Why do U.S. Asset Managers fear Government Confiscation of gold? Part 1

This is the first part of a series of articles that looks at the possibility of the confiscation of gold by one government or more.   The complete series will be featured in coming issues of the Gold Forecaster.


goldforecasterMr Levine of HSBC in a recent gold conference pointed out that some top U.S. Asset Managers were fearful of the possibility of government confiscation of gold.  He explained, that on being told that the bank's U.S. vaults had sufficient space available for their gold he was told that they did not want their gold stored in the U.S.A. but preferably in Europe because they feared that at some stage the U.S. Administration might follow the path set by Franklin D. Roosevelt in 1933 and confiscate all U.S. gold holdings as part of the country's strategy in dealing with the nation's economic problems.

Who are these Asset Managers?

For a start, they are highly qualified capable men who understand the ins and outs of investment management.   Such knowledge usually encompasses monetary matters of the sort that would include gold.   As such we would suggest their opinions have value.

Why did Roosevelt confiscate U.S. citizens Gold in 1933?

–         The U.S. was fighting to come out of the Depression and U.S. banks were struggling in a not to dissimilar way that they are today.

–         The Federal Reserve was fully aware that U.S. money supply was closely related to the gold they held.   Money supply had to expand.

–         Hitler had gained power in Germany.   The potential for war now existed.

–         The value of gold as a reserve asset that provided liquidity, when all else failed was fully understood.

–         The ability to raise money supply by devaluing the Dollar in terms of gold, was an opportunity that had to be taken.

But where was Roosevelt going to get the gold needed to both enlarge the money supply sufficiently and to provide internationally acceptable money in the event of war?   One of the recognized tactics of war always includes forging your enemy's money and undermining the home economy.   Gold is difficult to forge.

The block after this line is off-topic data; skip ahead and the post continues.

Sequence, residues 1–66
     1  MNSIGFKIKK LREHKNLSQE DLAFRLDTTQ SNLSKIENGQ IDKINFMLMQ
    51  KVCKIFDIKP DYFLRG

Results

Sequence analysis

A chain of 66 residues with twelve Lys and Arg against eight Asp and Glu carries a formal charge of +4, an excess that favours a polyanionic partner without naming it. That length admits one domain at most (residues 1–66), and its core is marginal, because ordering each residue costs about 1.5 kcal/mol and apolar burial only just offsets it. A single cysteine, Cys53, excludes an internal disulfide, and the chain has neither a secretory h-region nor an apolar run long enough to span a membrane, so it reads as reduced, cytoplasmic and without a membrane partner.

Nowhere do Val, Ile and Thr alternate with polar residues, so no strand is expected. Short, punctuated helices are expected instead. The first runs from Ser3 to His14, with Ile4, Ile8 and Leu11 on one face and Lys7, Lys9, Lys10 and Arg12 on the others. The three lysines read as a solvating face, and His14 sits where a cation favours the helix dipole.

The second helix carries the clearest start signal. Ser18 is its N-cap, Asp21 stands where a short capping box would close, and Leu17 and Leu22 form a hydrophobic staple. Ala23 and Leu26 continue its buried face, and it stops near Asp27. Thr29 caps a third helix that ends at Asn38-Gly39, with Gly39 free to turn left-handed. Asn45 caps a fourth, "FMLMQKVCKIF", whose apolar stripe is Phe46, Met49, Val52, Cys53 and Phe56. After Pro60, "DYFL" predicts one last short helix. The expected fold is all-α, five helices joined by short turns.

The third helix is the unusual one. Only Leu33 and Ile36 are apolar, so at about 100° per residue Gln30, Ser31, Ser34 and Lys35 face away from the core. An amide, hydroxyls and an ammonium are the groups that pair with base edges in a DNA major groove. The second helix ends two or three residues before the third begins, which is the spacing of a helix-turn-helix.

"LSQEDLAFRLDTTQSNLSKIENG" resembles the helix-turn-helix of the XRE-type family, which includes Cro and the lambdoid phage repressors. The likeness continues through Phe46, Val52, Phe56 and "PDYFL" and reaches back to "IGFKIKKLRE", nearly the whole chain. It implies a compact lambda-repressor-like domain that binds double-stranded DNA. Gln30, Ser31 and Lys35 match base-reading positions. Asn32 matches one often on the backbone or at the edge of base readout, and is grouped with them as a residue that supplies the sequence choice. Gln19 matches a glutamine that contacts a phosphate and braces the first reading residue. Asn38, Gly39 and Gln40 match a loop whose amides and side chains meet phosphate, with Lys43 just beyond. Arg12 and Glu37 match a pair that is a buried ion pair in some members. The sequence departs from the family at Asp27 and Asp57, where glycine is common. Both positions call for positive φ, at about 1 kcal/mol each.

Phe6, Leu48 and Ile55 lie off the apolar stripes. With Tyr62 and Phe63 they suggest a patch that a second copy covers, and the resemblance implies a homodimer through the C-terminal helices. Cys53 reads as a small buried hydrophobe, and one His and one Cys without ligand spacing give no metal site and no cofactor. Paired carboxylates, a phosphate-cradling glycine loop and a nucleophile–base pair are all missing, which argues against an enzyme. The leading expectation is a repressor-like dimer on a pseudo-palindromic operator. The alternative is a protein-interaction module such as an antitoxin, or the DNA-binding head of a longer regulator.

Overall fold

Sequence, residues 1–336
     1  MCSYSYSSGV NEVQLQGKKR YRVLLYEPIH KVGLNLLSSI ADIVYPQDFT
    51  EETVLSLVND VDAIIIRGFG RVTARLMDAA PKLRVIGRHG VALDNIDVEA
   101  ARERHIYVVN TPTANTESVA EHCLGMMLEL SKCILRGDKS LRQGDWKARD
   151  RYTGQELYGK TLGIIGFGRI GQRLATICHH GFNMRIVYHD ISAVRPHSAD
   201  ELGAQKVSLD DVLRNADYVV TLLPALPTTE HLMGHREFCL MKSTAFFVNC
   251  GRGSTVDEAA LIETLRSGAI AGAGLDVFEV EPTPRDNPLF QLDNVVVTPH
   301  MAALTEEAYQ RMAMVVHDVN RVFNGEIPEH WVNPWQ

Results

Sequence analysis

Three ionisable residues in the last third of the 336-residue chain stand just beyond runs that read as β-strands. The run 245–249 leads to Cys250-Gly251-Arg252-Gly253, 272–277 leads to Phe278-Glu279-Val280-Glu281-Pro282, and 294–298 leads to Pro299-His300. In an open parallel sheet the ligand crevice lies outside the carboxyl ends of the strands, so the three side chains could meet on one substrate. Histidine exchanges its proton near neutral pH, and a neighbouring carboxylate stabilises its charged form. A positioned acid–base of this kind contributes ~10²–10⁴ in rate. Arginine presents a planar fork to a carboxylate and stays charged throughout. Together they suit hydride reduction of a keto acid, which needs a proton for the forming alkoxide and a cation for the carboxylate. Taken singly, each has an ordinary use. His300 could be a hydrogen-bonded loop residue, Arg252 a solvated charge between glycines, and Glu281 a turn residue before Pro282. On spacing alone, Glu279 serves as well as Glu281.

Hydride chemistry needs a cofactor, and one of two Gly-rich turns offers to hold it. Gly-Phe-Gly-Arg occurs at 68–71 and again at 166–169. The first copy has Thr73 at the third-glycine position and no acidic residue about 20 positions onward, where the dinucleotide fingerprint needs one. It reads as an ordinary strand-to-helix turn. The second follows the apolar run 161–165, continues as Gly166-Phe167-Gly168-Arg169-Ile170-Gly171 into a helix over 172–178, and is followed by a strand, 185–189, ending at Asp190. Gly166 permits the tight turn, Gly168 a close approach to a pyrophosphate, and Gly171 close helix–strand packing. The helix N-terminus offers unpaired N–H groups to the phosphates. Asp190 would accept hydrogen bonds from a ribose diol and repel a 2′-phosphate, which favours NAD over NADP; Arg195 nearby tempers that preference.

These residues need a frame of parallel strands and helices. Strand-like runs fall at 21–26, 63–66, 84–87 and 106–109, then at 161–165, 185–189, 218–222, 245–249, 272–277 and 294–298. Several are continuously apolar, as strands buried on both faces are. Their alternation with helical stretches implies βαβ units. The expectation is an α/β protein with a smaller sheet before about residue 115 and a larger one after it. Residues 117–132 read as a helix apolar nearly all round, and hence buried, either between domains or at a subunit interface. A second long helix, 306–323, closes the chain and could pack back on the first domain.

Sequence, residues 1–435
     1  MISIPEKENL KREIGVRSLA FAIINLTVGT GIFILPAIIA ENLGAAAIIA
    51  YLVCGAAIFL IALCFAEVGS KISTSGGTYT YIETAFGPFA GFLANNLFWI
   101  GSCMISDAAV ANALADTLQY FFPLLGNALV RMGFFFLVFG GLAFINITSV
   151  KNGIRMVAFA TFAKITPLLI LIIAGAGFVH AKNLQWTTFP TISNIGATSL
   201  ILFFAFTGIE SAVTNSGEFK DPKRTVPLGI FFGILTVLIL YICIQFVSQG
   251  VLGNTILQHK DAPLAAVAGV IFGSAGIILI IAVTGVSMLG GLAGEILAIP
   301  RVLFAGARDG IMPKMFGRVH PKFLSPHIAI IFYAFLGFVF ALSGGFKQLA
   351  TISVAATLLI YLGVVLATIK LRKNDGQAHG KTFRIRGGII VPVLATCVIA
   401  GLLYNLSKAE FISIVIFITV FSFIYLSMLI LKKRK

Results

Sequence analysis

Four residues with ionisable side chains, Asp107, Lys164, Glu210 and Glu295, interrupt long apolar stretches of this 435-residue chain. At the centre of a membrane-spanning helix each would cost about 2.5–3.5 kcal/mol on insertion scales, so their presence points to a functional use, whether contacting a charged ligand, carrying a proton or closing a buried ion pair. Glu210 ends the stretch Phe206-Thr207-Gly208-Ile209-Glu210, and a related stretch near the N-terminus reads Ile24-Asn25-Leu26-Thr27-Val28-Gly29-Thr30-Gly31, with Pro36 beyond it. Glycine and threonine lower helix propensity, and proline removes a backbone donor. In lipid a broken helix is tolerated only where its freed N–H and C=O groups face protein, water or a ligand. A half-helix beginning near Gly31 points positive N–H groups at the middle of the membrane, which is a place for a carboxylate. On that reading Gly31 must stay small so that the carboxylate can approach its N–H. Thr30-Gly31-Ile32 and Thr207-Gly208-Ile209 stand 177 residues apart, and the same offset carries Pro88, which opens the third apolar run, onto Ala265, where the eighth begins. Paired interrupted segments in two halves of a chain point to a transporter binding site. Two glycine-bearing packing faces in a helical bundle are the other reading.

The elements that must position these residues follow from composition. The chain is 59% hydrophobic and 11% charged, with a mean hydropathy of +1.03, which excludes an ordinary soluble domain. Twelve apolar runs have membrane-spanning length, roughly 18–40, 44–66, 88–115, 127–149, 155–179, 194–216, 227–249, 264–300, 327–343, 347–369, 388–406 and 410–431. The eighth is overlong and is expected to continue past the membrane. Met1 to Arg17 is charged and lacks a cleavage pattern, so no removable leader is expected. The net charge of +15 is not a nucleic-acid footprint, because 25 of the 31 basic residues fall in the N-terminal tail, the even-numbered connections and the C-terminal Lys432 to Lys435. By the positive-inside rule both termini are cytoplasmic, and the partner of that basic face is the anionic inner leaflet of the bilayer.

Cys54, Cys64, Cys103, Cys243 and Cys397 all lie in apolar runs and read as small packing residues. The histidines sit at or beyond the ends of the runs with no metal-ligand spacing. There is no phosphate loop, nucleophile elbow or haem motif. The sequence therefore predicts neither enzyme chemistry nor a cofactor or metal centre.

So every advantage was there to confiscate gold and if needs be, to devalue the $ so instantly enlarge the money supply.

When National Interests supersede those of its Citizens

How true the saying, "A true patriot is one who commits you to his cause."   And so it is with governments.   Should we see ourselves as bound up with our government, or can we make our own decisions when we disagree with government.   Each one must answer that question for himself.   Many feel the answer has to be qualified by the situation that presents such demands.   Many will support their government nearly all the way, but draw the line at their own personal wealth [on which tax has been paid] being confiscated, albeit for cash.   It seems this is what these asset managers feel.   Certainly the trust in and reliance on government has decayed since those days.   Many feel that gold is beyond the pale of such demands.

In Roosevelt's day, it may have seemed reasonable to most to willingly accede to government demands for the confiscation of gold.   Today, with the ability to hold gold anywhere in the world, such compliance may not be necessary [We will look at the validity of this concept in a later article on the subject – it may not be as clear as many would like it to be!] or will it?   After all, the market price at the time was $20, so it seemed a fair price.   That was so for two years, when President Roosevelt authorized the devaluation of the Dollar by 75% and raised the price of gold to $35 an ounce.   Then many citizens had a sense of humor failure.

Where could the U.S. Government get more gold?

The most accessible gold was locally held gold, held by U.S. citizens.   To help matters enormously, every U.S. citizen had to declare his assets on a yearly basis to the Taxman.   So accurate records were held of how much was held, by whom and where it was held.  The only way out was to hold rare gold coins, which fell outside the classification of simple gold.

It was a great start.   The Depression spread far outside the States and the banking problems, like today, covered the developed world.   Germany was rising fast and clearly headed for war.   Europe and the U.K. were vulnerable in a war.   Prudence demanded that a war chest be accumulated and held in the States.

It would be naïve to think that Europe and the U.K. were caught off-guard by the United States devaluation of the Dollar, which history leads us to believe.   No other countries devalued with the U.S. Dollar.   They all held their exchange rates to the Dollar at the rate of exchange that stood before the devaluation.   This created a massive arbitrage opportunity.   Buy gold in London at the equivalent of $20 and ounce and sell it to the U.S. at $35 an immediate 75% profit.   It wasn't long before the U.S. was holding the bulk of the world's gold, over 26,000 tonnes of it.

What principles were established by this accumulation of gold?

–          The first was that governments not only believe that it is a privilege for individuals to own gold, but that, that privilege can be removed at any time they want.

–         The second is that governments will cooperate to the extent needed on accumulating gold, when they believe it necessary.

–         The Third is that confiscation is a course of action that will be followed should one or more governments deem it necessary in their national interests.

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